Friday, May 17 2013 11:04 PM EDT2013-05-18 03:04:19 GMT
It is the end of an era for one Biloxi elementary school. A long-time PE teacher is retiring at the end of the month. And when he leaves, so will a popular tradition he started three decades ago.More >>
It is the end of an era for one Biloxi elementary school. A long-time PE teacher is retiring at the end of the month. And when he leaves, so will a popular tradition he started at the school three decades ago. Thousands of students consider him the "coolest" teacher around.More >>
Monday, May 13 2013 12:24 PM EDT2013-05-13 16:24:04 GMT
MARION COUNTY, MS (WDAM) - A weekend-long drug raid left 22 individuals behind bars, and more arrests to come. According to Marion County Sheriff Berkley Hall, the drug raid is the result of severalMore >>
A weekend-long drug raid left 22 individuals behind bars, and more arrests to come.More >>
Friday, May 17 2013 5:11 PM EDT2013-05-17 21:11:29 GMT
In a WLOX News exclusive, former Biloxi Mayor Pete Halat says despite what people may think, he had no role in the 1987 murders of Vincent and Margaret Sherry.More >>
In a WLOX News exclusive, Pete Halat says despite what people may think, he had no role in the 1987 murders of Vincent and Margaret Sherry. "I can tell you that there isn't a word in the English language that I'm not intelligent enough to know," the former Biloxi mayor said, "that can more strongly deny that I was ever involved in anything to do with Vince and Margaret being hurt, and Vince and Margaret being killed."More >>
Friday, May 17 2013 2:43 PM EDT2013-05-17 18:43:04 GMT
Two bank robbery suspects are on the run in Moss Point. But, their get away car has been recovered. According to Moss Point police, the suspects entered the Hancock Bank on Hwy 613 just before 11:30More >>
Two bank robbery suspects are on the run in Moss Point. But, their get away car has been recovered. According to Moss Point police, the suspects entered the Hancock Bank on Hwy 613 just before 11:30 this morning wearing masks, holding guns an demanding money. More >>
JACKSON, MS (WLBT) -
When Phil Bryant became governor back in January he made a clear point about what he calls a problem across the state.
"Teen pregnancy in Mississippi must be reduced if we are to reach our full potential," Bryant told lawmakers.
Fast forward eight months and Bryant says it's happening. Through the Healthy Teens for a Better Mississippi initiative, Senator Sally Doty says community level involvement is helping to lead the charge.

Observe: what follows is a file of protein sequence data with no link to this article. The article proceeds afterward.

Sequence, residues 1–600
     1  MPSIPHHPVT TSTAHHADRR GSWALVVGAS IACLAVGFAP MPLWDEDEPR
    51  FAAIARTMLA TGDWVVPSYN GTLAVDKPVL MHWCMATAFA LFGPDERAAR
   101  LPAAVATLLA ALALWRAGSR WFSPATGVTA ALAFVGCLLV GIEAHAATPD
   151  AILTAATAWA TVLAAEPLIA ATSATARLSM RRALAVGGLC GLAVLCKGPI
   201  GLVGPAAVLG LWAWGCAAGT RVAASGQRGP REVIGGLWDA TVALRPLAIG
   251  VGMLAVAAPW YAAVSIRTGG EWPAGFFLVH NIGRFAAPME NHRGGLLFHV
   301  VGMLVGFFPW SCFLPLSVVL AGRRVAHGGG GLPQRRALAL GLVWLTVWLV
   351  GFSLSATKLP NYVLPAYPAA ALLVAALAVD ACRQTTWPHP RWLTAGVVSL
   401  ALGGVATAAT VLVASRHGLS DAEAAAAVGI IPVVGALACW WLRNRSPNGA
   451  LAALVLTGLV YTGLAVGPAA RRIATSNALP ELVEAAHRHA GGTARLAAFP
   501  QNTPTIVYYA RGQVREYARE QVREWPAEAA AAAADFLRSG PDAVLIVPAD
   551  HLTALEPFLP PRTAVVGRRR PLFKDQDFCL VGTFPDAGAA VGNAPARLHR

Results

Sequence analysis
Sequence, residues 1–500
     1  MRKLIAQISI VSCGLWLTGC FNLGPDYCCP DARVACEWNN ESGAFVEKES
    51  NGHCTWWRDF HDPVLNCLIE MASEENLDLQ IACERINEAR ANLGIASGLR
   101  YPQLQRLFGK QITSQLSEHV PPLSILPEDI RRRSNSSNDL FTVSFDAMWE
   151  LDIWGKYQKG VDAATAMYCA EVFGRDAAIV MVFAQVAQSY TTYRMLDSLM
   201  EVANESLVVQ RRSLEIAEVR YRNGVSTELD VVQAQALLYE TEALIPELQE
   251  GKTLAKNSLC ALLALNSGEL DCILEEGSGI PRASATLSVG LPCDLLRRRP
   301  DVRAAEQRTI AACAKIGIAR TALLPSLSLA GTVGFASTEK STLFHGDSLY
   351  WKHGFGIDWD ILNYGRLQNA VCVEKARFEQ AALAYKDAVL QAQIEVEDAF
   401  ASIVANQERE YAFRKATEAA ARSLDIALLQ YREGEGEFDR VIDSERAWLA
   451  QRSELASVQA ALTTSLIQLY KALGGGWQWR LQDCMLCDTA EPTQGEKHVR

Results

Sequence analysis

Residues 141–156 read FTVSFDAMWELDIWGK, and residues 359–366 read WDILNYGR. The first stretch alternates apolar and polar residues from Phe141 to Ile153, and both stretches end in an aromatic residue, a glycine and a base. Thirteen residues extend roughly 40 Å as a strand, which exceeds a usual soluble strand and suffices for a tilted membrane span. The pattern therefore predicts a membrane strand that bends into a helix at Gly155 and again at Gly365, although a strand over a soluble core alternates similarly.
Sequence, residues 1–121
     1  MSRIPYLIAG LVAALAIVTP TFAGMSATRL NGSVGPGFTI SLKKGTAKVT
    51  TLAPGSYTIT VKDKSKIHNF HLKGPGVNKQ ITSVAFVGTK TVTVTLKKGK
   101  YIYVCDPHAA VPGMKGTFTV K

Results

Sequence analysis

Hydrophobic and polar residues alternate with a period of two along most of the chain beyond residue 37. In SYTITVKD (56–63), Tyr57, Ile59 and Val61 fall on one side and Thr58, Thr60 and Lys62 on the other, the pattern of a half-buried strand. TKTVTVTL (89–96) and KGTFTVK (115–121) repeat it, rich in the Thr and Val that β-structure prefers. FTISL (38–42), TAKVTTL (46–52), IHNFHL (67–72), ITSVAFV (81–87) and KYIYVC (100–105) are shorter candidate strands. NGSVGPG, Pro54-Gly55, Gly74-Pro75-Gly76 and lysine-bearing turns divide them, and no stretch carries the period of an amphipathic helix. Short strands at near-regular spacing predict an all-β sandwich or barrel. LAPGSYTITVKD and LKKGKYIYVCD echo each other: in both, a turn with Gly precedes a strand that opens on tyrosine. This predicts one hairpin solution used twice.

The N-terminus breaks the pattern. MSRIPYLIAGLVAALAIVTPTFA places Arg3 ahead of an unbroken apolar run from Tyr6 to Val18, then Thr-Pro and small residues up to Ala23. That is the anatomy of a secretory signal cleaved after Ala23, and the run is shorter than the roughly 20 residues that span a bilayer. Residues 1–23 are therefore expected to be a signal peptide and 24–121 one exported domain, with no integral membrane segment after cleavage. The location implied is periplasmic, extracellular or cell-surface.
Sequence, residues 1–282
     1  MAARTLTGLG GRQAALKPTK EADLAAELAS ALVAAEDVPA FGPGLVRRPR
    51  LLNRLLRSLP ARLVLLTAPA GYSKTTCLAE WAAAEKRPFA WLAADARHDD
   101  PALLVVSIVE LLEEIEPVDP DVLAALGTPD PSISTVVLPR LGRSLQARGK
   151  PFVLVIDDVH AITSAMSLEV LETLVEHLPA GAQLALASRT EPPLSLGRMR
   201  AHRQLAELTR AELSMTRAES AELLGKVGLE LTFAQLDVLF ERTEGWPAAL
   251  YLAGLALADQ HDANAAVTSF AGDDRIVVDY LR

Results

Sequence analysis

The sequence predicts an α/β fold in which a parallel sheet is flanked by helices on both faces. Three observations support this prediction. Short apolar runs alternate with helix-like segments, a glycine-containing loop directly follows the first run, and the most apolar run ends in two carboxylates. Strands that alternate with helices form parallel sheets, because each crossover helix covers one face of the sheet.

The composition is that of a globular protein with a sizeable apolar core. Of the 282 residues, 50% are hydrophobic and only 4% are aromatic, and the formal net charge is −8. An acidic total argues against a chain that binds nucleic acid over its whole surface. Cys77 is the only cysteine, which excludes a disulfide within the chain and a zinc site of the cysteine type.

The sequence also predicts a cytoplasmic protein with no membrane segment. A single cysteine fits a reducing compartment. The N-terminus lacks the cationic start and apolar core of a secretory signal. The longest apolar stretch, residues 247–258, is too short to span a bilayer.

"It is very important to bring everyone together from the faith based community, education community and from community based organizations because this is something we've all got to work on together," said Doty, a republican from Brookhaven.
With the state leading the nation in teen birth rates, community meetings like the one in downtown Jackson Friday are becoming a point of change. The initiative is using teens in schools across the state as advocates.
"You can imagine the peer pressure they're receiving when they go in and say we want you to live a healthy lifestyle, but they are making a difference," said Bryant.
Two of those teens are Neshoba Central High School seniors Kodi Wright and Alisha Sifuentes. They're chair and co-chair of the Youth and Youth Leaders Subcommittee.
"It's not worth losing your childhood or your youth over," said Sifuentes.
Sifuentes knows first hand the challenges of being a teen mom. That's because she became one at age 15.
"I don't want other students and teenagers to go through what I have to go through. So it's very important for me to raise awareness," said Sifuentes.
For Wright, she was born to a teenage mother and said it's not a path teenagers should take.
"It seems like you go into school and you hear people saying, 'How many weeks along are you? How far along are you?' When really we should be saying, 'How many weeks to graduation? How many weeks to prom?" said Wright.
By increasing awareness among our youth, state leaders hope the rest of the state will pay attention.
"A teen that goes through the challenges of having a child is less likely to graduate from school, less likely to get a job, more likely to be on some government program and we've just got to change those numbers," said Bryant.
"It is not necessarily a black problem or a white problem or a poor person's problem. It's everyone's problem, because you see it in all of those groups," said Doty.
Additional community meetings are set to take place across the state through next Spring.
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